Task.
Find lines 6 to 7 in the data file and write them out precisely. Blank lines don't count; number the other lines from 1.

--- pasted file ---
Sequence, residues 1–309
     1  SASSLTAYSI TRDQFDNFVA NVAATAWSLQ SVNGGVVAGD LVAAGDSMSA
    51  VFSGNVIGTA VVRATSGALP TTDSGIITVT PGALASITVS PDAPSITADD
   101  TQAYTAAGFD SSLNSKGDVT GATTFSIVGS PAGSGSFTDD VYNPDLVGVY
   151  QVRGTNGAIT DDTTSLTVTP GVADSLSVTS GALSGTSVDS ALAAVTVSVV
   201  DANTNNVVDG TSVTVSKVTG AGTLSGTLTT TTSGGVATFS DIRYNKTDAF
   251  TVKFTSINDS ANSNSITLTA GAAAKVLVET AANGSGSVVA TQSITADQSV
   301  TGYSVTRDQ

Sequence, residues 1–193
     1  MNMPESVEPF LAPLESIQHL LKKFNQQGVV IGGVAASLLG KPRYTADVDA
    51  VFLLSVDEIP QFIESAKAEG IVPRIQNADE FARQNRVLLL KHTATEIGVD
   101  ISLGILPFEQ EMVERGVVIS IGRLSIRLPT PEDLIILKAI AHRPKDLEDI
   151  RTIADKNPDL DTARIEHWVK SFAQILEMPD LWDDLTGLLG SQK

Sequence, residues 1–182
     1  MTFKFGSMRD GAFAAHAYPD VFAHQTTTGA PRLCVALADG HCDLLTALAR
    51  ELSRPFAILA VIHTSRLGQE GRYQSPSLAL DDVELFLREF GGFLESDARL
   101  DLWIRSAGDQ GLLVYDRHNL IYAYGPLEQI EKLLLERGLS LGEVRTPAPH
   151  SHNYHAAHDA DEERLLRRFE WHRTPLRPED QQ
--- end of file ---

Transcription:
   201  DANTNNVVDG TSVTVSKVTG AGTLSGTLTT TTSGGVATFS DIRYNKTDAF
   251  TVKFTSINDS ANSNSITLTA GAAAKVLVET AANGSGSVVA TQSITADQSV